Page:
Holocaust Belief Assignment Draws Shocking and Disturbing Student Answers and Grades

Barbara Boland
By Barbara Boland | July 15, 2014 | 10:31 AM EDT

In May, I reported on an assignment given to eighth-grade students in Rialto, California asking them to consider arguments on whether the Holocaust was an "actual event" or a "propaganda tool that was used for monetary gain."

Students were given an 18 page assignment and asked to use three sources: printouts from, and Holocaust denial site This was a "critical thinking assignment" and students did not have access to the internet or to a library while completing their essays.

The assignment read:

"When tragic events occur in history, there is often debate about their actual existence. For example, some people claim the Holocaust is not an actual historical event, but instead is a propaganda tool that was used for political and monetary gain. Based upon your research on this issue, write an argumentative essay, utilizing cited textual evidence, in which you explain whether or not you believe the Holocaust was an actual event in history, or merely a political scheme created to influence public emotion and gain. Remember to address counterclaims (rebuttals) to your stated claim. You are also required to use parenthetical (internal) citations and to provide a Works Cited page."

After a national uproar, the school district, through interim superintendent Mohammad Z. Islam, revised its position and the district school board publicly apologized for the assignment.

But prominent school officials like Associate Superintendent for Educational Services Susan Levine said in May that so far, her office hadn't seen any student essays that denied the reality of the Holocaust, but acknowledged that they hadn't read all the essays, yet.

The San Bernadino Sun analyzed the students' 2,000 essays and found that at least 50 argued the Holocaust was a lie, while many others argued that they thought the Holocaust was exaggerated. "Even many students who agreed the Holocaust occurred said there were good reasons to believe it had not or that elements of the historical record were actually hoaxes," the Sun reports.

From the San Bernadino Sun:

"I believe the event was fake, according to source 2 the event was exhaggerated," one student wrote. (Students' and teachers' original spelling and grammar are retained throughout this story.) "I felt that was strong enogh evidence to persuade me the event was a hoax."

In some cases, students earned high marks and praise for arguing the Holocaust never occurred, with teachers praising their well-reasoned arguments:

"you did well using the evidence to support your claim," the above student's teacher wrote on his assignment.

The student received a grade of 23 points out of 30, with points marked off for not addressing counterclaims, capitalization and punctuation errors.....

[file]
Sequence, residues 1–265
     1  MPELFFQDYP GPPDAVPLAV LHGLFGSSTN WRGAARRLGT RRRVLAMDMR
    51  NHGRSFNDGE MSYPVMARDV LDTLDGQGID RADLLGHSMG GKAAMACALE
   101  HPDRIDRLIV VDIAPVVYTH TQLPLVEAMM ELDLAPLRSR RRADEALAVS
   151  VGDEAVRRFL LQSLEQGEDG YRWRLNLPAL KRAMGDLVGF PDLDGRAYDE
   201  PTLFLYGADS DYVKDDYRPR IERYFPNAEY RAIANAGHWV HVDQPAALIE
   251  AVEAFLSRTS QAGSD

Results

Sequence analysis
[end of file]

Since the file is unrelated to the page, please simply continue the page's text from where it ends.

The claims made in the Holocaust denial handout were not specifically addressed by the other materials provided, apparently leading some students to conclude "The Diary of Anne Frank" was a hoax and that there is no evidence any Jewish people were gassed to death in German concentration camps.

"According to Fred A. Leuchter (leading specialist on the design and fabrication of execution equipment) there is no significant cyanide traces in any of the alleged gas chambers," one student wrote. "So any open minded person can easily be persuaded to believe that the gassings were a Hoax."

Without access to a library or the internet, one can see why the students didn't know that Luechter's claims have been thoroughly debunked: according to the Anti-Defamation League, Leuchter, who describes himself as the chief engineer of a Boston firm specializing in gas chambers and executions, has no engineering degree. In 1991, Leuchter admitted in a documentary film "Mr. Death: The Rise and Fall of Fred. A. Leuchter, Jr.," that he has no formal training in toxicology, chemistry or biology.

Other students also believed Leuchter's arguments: "if gassing would have occurred everyone (nearby) would have died, because the floors had cracks in the floor and holes in the wall."

In fact, the concentration camps in Auschwitz and Majdanek had ventilation systems, according to blueprints of the buildings.

"I believe it's a hoax because the government ran test and found nothing," another essay reads in part, "ball point pens weren't used when Anne Frank was alive, and it was impossible to kill so many people in that time period."

All of this goes to prove what I said in my original article:

How can students "come to their own conclusion" about an actual historical event? Especially when, instead of being taught what actually occurred, they're taught the Holocaust is simply one in a multitude of "theories?"

“Students got high praise and grades for writing that the Holocaust was a hoax. I’m sick about that, I’m sick about that,” said Rabbi Suzanne Singer of Temple Beth El in Riverside. “It’s worse than I thought it was.”